(54) It is appropriate to allow the consumer market for electricity from renewable energy sources to contribute to the development of energy from renewable sources. Member States should therefore require electricity suppliers who disclose their energy mix to final customers in accordance with Article X of Directive [Market Design], or who market energy to consumers with a reference to the consumption of energy from renewable sources, to use guarantees of origin from installations producing energy from renewable sources.


(55) It is important to provide information on how the supported electricity is allocated to final customers . In order to improve the quality of that information to consumers, Member States should ensure that guarantees of origin are issued for all units of renewable energy produced, except for when they decide not to issue guarantees of origin to producers who also receive financial support. If Member States decide to issue guarantees of origin in such a case, or they decide not to issue them directly to producers, they shall be able to choose by which means and mechanisms to take into account their market value. When renewable energy producers also receive financial support, the market value of the guarantees of origin for the same production shall be appropriately taken into account in the relevant support scheme.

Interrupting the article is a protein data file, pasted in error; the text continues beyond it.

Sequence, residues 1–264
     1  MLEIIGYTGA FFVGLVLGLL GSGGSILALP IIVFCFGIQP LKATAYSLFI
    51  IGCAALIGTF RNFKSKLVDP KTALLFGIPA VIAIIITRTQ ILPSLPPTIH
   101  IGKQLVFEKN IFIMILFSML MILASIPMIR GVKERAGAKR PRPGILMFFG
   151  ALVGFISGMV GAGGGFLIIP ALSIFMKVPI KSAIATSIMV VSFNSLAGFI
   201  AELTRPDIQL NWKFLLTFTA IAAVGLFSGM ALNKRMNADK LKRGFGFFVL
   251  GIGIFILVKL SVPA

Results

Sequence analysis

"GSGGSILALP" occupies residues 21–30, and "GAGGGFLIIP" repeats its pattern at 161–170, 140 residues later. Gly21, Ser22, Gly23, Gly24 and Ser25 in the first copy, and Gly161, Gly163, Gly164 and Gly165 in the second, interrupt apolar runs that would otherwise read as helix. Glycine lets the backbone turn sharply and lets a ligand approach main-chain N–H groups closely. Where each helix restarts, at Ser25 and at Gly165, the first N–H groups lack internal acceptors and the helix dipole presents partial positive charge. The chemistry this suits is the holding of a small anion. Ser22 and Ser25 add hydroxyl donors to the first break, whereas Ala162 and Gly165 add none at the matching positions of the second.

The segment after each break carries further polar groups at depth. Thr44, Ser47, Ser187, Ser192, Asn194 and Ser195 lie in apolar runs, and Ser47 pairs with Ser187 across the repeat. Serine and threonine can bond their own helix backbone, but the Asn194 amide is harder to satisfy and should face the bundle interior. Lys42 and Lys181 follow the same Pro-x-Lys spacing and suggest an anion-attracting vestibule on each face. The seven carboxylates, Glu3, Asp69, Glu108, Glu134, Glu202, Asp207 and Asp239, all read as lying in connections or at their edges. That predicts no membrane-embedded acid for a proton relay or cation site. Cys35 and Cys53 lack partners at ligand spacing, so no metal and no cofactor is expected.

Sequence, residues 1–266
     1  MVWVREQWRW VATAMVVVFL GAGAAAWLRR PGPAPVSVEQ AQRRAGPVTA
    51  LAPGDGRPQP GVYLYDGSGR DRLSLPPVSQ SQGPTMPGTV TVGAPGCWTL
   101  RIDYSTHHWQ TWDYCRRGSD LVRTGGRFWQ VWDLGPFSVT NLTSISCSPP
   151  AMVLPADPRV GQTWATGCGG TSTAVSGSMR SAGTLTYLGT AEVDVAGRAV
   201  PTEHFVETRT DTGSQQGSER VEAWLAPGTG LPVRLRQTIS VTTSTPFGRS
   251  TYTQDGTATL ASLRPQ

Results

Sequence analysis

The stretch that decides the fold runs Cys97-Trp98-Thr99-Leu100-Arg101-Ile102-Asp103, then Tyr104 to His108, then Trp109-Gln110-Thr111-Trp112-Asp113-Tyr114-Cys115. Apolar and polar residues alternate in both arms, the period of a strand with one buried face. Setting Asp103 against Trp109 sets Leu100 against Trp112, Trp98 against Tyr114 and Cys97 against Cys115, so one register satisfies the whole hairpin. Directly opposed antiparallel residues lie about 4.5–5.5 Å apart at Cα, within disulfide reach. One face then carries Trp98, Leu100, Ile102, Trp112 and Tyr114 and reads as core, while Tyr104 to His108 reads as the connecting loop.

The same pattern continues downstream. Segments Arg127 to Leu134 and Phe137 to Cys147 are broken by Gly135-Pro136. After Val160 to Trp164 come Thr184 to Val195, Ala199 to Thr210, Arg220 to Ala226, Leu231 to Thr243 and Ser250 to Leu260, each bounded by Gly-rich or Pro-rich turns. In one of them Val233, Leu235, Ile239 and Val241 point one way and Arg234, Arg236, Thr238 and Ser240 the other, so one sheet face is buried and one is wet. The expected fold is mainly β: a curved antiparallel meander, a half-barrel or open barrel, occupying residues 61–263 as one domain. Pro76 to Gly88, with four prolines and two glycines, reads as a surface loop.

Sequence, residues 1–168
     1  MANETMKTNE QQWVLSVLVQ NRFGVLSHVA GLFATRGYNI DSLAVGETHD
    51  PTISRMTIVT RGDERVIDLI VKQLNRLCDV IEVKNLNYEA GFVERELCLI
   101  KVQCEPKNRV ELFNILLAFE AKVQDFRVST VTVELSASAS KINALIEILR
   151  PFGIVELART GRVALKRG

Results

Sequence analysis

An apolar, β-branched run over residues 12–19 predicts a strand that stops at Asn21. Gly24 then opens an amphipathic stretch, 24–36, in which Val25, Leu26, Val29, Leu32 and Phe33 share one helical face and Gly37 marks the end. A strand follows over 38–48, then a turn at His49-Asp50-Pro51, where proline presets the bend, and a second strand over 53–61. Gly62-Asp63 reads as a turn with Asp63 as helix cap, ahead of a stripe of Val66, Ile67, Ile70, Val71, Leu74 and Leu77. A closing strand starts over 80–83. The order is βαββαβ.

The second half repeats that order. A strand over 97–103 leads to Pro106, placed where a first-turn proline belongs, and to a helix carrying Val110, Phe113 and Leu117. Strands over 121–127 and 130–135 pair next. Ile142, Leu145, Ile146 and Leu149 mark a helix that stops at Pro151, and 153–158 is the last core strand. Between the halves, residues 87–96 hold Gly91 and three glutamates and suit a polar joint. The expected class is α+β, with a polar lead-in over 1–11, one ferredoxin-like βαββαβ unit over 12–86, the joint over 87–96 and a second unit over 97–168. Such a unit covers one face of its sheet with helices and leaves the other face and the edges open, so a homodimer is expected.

(56) Directive 2012/27/EU provides for guarantees of origin for proving the origin of electricity produced from high-efficiency cogeneration plants. However, no use is specified for such guarantees of origin , so their use may also be enabled when disclosing the use of energy from high efficiency CHP.